Prime Minister Trudeau attends question period, September 2020. Image credit: Adam Scotti/PMO

Canadian business leaders are calling for the Trudeau government to announce a fiscal anchor in its next budget, expected in March or April. 

Supported by deficit-fighting economists and former senior government officials who have been promoting austerity for decades, Goldy Hyder and his Business Council chief executives want to “anchor” government spending to the level of government debt.

The only fiscal anchor worthy of support is full employment.

Canada has a deficit because the pandemic has decimated the job market. In the absence of growing employment, income support payments have soared and government revenues have tanked.

At the height of deficit hysteria in 1996, a University of Manitoba economist, the late Ruben C. Bellan, showed that historically the government deficit turned to a surplus when the unemployment rate descended towards full employment (three per cent) and exploded when unemployment climbed, as it did in 1982 — reaching 13.1 per cent.

Because of austerity, it was only in 2019 that the unemployment rate returned to levels last seen in 1976.

Bread and butter issues matter most in politics. In Canada as elsewhere, citizens judge governments on how well the economy is doing in providing decent jobs and rising incomes.

Knowing this, governments emphasize job creation every time they make a spending announcement.

Unfortunately announcing  “job creation” is usually code for handing out subsidies to corporations and tax cuts to the wealthy, which — far from being the best way to create jobs — do not succeed in reducing unemployment, according to best recent research, which was not ignored by the World Economic Forum, a.k.a. the club for the rich.

Following reflection and study about how to overcome the Great Depression, economists John Maynard Keynes and Michal Kalecki were able to show how governments could not only promote employment creation, they needed to do it actively through public investment: otherwise economies stagnated.

While conventional opinion argued that government spending needed to be reduced for budgetary reasons, Keynes explained that when governments maintained employment through adding investment to the economy … public finances looked after themselves. 

In the period following the Second World War, governments led the way in promoting economic development through an active public sector as the key to job creation, and all important wage and salary increases.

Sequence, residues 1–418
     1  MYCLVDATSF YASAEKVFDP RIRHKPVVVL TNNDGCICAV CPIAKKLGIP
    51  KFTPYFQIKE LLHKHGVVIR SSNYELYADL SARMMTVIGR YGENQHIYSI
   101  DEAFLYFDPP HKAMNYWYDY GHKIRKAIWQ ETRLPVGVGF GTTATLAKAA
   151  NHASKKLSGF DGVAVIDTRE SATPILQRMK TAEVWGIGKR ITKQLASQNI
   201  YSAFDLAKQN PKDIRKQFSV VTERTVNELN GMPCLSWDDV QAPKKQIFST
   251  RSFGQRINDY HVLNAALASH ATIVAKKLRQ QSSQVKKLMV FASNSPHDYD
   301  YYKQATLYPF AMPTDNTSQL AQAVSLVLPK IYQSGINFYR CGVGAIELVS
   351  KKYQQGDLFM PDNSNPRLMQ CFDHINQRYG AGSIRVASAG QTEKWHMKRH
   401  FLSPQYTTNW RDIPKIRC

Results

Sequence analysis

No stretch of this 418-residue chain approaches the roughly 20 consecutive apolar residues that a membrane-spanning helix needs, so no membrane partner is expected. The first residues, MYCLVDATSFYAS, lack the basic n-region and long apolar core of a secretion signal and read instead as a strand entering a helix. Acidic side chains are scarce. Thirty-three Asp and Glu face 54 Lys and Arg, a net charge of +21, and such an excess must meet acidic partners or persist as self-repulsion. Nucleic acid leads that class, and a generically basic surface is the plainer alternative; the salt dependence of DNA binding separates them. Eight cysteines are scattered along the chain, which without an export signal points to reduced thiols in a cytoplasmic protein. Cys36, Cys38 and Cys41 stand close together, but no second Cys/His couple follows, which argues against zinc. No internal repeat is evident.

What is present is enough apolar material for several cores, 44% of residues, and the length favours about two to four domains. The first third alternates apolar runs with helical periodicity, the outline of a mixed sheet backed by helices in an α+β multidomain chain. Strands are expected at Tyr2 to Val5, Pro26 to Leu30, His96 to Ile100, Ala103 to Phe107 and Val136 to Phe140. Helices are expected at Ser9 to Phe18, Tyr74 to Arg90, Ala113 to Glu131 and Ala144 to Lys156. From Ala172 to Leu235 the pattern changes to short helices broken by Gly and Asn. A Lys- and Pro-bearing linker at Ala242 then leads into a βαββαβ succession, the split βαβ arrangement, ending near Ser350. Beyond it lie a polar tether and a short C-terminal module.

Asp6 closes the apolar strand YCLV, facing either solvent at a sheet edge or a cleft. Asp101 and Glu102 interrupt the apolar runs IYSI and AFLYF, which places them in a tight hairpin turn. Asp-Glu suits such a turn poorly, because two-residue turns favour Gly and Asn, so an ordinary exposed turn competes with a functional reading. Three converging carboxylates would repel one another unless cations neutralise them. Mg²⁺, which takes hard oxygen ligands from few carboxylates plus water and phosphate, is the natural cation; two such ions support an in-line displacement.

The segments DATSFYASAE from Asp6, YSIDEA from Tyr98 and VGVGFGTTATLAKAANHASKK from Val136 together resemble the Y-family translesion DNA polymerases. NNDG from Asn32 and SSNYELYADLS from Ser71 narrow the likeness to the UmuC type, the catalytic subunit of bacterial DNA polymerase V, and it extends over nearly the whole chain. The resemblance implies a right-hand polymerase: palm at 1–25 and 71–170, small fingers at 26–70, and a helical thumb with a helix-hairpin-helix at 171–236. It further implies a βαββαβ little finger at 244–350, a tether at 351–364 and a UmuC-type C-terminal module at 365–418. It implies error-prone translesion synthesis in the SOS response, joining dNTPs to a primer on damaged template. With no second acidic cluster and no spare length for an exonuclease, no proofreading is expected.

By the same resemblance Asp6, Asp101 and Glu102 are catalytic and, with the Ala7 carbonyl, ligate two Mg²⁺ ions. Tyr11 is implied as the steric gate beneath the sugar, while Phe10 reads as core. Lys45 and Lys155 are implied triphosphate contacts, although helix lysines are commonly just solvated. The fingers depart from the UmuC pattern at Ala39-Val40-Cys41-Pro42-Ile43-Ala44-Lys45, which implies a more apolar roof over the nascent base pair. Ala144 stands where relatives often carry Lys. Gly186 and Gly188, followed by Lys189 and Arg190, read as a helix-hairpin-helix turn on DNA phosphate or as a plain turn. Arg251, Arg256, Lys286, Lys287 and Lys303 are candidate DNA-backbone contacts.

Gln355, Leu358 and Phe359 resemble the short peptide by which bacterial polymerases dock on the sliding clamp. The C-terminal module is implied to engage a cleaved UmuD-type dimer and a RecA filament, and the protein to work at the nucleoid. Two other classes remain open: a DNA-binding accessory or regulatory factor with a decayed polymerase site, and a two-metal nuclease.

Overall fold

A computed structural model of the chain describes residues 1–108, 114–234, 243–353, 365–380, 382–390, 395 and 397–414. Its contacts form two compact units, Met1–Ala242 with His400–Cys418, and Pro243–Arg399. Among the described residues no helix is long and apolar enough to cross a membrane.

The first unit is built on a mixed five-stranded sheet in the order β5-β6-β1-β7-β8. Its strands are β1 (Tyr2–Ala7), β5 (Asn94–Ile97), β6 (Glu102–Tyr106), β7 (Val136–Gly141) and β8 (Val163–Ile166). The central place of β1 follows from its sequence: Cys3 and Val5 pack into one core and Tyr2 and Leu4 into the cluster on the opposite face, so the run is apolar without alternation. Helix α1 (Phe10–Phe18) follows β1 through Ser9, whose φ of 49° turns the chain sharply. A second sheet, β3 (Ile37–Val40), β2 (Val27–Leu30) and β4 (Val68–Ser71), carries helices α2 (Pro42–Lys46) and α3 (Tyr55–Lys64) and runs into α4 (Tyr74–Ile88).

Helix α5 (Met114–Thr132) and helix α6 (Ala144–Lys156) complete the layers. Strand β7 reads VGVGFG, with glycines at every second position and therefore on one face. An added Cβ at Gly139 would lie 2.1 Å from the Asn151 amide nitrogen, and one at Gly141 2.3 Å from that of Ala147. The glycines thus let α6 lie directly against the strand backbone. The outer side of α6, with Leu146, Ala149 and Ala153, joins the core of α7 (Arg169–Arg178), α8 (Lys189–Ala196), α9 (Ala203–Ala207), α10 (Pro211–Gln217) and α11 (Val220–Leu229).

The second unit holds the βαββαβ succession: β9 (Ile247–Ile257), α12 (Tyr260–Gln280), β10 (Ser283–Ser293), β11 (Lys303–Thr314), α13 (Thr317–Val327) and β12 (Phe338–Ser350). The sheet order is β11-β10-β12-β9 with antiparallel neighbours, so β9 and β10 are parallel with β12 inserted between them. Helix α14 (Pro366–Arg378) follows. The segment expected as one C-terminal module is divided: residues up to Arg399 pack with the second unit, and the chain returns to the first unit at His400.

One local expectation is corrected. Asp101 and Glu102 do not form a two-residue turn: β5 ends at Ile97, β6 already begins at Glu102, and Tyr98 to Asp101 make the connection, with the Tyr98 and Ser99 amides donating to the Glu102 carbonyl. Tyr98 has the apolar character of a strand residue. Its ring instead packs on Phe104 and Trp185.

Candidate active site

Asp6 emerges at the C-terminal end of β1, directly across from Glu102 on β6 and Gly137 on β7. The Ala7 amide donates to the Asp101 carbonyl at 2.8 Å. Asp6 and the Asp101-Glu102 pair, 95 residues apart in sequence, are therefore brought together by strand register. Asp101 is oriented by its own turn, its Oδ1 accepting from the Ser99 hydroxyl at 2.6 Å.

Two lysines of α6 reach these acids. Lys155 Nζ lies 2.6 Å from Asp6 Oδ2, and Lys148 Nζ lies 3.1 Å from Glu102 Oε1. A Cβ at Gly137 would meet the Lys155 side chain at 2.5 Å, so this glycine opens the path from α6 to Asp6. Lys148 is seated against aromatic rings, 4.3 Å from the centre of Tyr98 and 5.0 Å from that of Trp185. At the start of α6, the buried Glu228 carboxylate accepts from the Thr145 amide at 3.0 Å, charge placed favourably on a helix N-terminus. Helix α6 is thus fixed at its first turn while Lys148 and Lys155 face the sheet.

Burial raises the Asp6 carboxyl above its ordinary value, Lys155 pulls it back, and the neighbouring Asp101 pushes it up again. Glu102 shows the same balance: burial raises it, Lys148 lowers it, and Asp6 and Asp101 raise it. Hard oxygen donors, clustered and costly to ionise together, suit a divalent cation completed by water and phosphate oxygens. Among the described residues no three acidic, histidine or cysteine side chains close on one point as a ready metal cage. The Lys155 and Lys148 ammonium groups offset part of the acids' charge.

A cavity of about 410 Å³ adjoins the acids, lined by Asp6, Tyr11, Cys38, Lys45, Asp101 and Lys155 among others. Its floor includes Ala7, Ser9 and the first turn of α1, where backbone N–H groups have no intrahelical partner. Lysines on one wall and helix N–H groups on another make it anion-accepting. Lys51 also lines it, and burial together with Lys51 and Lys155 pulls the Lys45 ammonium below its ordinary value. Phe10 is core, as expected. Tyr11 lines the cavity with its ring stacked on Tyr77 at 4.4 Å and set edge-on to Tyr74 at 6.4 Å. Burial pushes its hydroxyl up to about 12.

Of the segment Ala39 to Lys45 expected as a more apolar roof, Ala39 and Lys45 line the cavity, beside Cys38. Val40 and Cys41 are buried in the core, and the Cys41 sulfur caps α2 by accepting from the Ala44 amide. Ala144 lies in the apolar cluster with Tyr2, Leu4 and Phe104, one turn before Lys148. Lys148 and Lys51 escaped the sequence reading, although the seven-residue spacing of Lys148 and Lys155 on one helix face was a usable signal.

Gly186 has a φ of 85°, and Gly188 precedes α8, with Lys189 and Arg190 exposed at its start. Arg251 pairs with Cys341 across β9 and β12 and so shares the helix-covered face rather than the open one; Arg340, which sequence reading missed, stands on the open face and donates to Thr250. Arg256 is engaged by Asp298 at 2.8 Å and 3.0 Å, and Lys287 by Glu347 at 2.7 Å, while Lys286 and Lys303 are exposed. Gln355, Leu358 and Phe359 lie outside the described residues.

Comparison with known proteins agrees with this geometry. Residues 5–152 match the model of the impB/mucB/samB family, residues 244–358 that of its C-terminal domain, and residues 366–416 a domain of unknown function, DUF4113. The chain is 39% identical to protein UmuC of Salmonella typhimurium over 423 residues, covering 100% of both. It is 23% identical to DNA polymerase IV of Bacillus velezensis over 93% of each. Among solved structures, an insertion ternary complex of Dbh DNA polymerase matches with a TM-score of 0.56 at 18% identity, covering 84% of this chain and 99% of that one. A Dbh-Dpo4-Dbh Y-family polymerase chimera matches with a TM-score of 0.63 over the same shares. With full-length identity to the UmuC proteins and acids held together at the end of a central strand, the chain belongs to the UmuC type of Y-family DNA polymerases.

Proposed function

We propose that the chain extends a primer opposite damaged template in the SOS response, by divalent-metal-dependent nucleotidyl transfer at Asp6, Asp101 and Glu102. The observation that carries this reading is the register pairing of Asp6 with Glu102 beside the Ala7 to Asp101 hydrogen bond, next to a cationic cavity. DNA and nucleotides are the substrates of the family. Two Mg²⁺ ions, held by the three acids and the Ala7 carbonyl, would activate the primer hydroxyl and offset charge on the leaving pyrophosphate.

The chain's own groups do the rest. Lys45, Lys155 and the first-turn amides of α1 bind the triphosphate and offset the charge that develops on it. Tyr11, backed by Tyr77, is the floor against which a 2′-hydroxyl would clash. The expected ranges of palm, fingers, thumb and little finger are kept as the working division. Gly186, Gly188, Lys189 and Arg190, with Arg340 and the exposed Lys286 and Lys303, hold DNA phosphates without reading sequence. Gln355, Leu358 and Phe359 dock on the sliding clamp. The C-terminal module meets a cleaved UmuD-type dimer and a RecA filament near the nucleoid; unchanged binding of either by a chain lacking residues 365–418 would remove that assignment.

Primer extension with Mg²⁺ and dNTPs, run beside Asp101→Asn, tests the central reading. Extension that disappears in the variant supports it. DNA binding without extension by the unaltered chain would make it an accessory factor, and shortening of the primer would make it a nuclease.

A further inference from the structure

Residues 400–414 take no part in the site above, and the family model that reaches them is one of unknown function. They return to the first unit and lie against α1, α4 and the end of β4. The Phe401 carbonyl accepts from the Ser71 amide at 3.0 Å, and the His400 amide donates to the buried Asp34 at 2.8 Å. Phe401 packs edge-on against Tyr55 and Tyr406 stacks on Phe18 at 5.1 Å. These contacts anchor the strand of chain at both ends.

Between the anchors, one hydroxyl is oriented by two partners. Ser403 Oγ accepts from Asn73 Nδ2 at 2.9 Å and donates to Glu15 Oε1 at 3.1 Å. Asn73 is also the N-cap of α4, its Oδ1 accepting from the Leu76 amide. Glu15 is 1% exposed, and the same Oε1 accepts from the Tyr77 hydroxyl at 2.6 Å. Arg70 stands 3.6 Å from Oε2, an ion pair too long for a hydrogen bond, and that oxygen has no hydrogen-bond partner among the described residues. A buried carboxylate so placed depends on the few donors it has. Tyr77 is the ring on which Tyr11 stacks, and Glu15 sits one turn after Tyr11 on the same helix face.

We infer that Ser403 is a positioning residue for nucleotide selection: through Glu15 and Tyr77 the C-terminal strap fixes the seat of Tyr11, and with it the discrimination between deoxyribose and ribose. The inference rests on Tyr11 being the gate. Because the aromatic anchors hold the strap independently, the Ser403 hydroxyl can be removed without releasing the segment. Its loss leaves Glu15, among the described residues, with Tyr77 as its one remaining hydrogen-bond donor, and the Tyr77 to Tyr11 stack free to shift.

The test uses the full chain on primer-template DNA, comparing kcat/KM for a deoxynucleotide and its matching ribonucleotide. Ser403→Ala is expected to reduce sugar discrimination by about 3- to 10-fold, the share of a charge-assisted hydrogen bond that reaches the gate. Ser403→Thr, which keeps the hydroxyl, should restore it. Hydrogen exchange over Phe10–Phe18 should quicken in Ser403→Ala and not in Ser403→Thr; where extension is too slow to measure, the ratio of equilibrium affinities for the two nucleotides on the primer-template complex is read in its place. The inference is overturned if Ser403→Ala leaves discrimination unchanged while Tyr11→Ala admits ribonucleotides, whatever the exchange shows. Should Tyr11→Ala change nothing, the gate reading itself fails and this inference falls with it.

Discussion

By the mid-1970s increases in the price level — consumer inflation — became the main preoccupation. Economic growth slowed and unemployment rose as central banks raised interest rates to “cool off” the economy.

The anti-inflationary policy direction imposed restraint on governments across the Western world. Prosperity was now supposed to depend on balancing the budget to keep inflation under control.

A level of unemployment below 7.5 per cent was redefined as inflationary. It was as if all the advances in economic knowledge had never occurred. Instead of being assisted by government investment, the long-term unemployed were all of a sudden necessary as part of the fight against inflation.

Economic growth has been routinely defined as the rate of annual increase in Gross Domestic Product (GDP). Such increases are made up of the “bad,” such as vehicle accidents that make a living for car repair shops, and the “good,” such as ticket sales for cultural events.

There has never been any point to extolling overall increases in GDP. What is needed is weighing the overall impact on society of growing particular economic sectors.  

With climate change staring civilization in the face, the issues facing Canadians are how to introduce ecological considerations into promoting good economic activity, and, especially, how to limit bad activity. 

The pandemic has exposed all the weaknesses of the gig economy: precarious work, income inequality, no mandatory sick leave, underfunded health care, inadequate access to housing, expensive education, and the absence of a social safety net. The scandalous conditions in senior long-term care homes have turned them into death traps.

There are signs the Trudeau government is pivoting away from the austerity economics imposed for over 40 years. Spending in the pandemic period has been generous in comparison to cutbacks orchestrated by successive Liberal and Conservative governments since 1979.

The Trudeau government was first elected in 2015 pledging to run a deficit of $10 billion to build up needed infrastructure. The 2020 Economic and Fiscal Update reveals the damage done by the pandemic has driven the deficit to over $340 billion (without ever fulfilling the infrastructure promise), 34 times greater than the courageous $10 billion promise of six years ago that likely won them the election.

In her Mike McCracken lecture delivered January 13, Lael Brainard, a governor of the U.S. central bank (the Federal Reserve or Fed), pointed to “maximum” employment as replacing “full” employment in the Fed mandate.

This represents a sea change certain to affect thinking in other capitals, including Ottawa.

Justin Trudeau is expected to trigger a spring election, arguing he needs a mandate to implement his upcoming budget.

The choice for the Liberals is clear: follow the traditional advice of big business and limit spending through austerity, or aim at maximum employment, and reap the budgetary fruit.

Duncan Cameron is president emeritus of and writes a weekly column on politics and current affairs.

Image credit: Adam Scotti/PMO

Duncan Cameron

Duncan Cameron

Born in Victoria B.C. in 1944, Duncan now lives in Vancouver. Following graduation from the University of Alberta he joined the Department of Finance (Ottawa) in 1966 and was financial advisor to the...